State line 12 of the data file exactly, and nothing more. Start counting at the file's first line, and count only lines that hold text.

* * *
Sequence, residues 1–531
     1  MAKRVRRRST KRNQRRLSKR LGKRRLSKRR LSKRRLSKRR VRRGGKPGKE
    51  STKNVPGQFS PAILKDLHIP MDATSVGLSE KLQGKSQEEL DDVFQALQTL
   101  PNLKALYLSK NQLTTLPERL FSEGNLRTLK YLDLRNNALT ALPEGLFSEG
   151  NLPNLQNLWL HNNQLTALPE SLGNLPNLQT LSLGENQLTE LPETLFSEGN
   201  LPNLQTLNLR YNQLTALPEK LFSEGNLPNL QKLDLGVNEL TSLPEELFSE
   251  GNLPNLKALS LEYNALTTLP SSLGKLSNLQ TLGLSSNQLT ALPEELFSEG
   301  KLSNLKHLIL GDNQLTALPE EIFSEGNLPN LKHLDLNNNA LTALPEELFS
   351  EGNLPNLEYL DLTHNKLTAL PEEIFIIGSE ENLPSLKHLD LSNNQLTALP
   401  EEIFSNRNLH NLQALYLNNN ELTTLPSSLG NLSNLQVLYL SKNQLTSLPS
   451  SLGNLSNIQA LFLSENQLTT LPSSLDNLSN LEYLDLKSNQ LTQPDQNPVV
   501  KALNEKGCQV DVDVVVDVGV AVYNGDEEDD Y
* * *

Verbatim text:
   501  KALNEKGCQV DVDVVVDVGV AVYNGDEEDD Y